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2011 Lexus CT 200h First Impressions Review

Friday October 29th, 2010 at 5:1010 PM
Posted by: D.Colman

By Contributing Editor David Colman

Pros:

  • A hybrid car to match your different moods (or modes)
  • Thoroughbred inspired tuned racing suspension
  • Function and utility of a hatchback

Cons:

  • Back seat comfort was left off the drawing board
  • 0 – 60 time of 9.8 seconds is no better than a Prius


Has Lexus gone all New Age-y on us? You betcha. Call the new CT 200h the Lexus Mood Ring. Dash illumination swaps colors depending on your driving mood. Feel relaxed enough to stay in the slow lane, save gas (42 MPG) while saving the planet? Just twirl the oversize dash knob to Normal, EV or ECO Mode and the CT200h will trundle along at a leisurely pace, with buffered steering and throttle responses leading to a Zen driving experience. Lexus sets the mood for this mode by placing a Hybrid System Indicator gauge to the left of the speedometer. Knowing Eco Status helps assuage carbon footprint guilt. Best of all, whenever you select the Normal/EV/ECO position, all cabin spot lighting, gauge illumination and knob identification shines blue for “Serenity.”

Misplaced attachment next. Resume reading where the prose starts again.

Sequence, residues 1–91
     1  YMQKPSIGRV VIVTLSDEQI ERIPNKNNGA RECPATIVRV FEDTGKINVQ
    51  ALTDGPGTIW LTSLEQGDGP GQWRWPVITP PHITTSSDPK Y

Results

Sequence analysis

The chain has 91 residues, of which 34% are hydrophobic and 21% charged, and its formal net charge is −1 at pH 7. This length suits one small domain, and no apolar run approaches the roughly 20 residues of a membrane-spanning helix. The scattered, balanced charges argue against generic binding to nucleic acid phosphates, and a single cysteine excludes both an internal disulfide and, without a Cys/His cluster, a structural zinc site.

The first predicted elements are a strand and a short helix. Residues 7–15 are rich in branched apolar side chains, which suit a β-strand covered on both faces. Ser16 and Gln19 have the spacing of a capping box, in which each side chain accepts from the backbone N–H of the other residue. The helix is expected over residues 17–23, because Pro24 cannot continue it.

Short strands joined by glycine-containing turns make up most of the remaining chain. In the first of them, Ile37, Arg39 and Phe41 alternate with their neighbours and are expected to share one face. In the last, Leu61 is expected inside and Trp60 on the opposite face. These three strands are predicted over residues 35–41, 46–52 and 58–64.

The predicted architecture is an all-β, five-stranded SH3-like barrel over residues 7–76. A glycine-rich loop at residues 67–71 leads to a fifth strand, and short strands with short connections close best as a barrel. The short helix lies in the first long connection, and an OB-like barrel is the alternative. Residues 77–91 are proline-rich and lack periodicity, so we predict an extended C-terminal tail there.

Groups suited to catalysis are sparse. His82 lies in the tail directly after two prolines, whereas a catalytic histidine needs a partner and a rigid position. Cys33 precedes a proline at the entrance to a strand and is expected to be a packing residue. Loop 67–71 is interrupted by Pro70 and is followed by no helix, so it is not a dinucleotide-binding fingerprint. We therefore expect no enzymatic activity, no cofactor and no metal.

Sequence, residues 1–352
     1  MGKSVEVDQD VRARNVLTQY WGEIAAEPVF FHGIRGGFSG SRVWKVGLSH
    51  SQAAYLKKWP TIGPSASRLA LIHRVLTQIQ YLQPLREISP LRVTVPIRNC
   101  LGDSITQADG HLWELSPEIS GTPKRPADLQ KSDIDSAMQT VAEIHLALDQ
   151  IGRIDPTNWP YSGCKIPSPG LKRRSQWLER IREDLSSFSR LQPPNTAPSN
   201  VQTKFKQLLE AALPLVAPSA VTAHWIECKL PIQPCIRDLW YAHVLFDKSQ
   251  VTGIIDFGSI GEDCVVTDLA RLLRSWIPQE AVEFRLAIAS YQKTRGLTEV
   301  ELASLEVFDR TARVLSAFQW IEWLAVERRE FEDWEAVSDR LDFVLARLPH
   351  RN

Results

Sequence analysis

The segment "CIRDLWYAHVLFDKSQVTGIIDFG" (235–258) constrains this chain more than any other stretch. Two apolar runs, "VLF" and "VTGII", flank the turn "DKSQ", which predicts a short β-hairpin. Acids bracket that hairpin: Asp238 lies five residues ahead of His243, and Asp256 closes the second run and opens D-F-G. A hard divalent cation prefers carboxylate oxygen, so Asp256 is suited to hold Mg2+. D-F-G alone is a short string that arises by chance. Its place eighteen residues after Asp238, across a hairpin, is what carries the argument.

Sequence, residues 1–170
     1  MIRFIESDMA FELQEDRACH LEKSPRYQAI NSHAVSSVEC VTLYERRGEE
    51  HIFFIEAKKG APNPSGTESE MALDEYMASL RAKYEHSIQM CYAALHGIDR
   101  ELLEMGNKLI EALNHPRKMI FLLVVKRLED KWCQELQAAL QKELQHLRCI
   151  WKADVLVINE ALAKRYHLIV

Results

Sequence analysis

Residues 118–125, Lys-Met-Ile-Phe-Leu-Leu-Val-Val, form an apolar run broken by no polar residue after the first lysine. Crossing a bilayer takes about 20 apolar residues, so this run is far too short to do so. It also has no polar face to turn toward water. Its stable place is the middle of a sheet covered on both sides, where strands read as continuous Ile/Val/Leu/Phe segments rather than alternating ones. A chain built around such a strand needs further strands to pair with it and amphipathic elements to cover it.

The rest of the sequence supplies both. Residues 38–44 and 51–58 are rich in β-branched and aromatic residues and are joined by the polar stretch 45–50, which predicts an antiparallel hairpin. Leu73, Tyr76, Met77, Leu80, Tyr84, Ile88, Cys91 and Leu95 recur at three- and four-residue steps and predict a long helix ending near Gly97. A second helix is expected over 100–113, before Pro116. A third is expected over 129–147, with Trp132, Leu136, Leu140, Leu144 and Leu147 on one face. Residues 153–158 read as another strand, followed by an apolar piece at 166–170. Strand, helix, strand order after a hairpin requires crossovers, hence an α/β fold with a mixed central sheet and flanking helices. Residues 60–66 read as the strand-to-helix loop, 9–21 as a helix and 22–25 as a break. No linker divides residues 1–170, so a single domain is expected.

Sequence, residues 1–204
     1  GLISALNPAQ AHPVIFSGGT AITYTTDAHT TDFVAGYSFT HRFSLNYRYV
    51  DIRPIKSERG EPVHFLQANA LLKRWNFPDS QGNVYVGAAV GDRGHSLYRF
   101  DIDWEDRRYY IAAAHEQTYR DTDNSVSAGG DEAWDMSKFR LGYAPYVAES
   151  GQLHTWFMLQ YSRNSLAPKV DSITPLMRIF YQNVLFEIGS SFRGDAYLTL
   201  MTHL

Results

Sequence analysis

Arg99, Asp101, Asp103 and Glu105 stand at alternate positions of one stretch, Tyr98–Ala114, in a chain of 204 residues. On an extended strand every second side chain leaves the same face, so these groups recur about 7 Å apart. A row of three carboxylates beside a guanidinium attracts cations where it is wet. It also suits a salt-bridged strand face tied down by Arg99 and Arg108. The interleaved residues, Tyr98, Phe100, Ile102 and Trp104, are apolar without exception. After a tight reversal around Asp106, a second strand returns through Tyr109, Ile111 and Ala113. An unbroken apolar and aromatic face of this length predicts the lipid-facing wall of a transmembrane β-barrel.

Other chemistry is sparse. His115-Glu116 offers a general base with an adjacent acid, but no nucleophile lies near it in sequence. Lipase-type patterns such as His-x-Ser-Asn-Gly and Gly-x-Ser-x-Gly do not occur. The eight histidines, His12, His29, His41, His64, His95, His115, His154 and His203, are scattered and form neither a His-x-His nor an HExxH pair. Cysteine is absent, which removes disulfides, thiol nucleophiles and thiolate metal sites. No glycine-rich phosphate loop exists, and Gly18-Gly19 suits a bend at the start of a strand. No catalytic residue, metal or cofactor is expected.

Feeling a bit antsy and aggressive? Then flip the Mode knob to the Sport position and the System Indicator gauge miraculously disappears, replaced by a 7,000rpm tachometer, now illuminated in red, along with red spot lights and dial backgrounds on the dash. Selection of Sport Mode is more than illusory, however, because the Power Control Unit (PCU) that apportions power from the electric motor/combustion engine combination that propels the CT200h is now set to favor red performance over blue lethargy. Entering a turn in Performance Mode, the PCU keeps the engine revving higher in order to enhance engine braking efficiency and platform balance prior to clipping an apex. At corner exit, the PCU keeps the revs higher while Traction Control reduces understeer.

normal, sport, and EV driving modes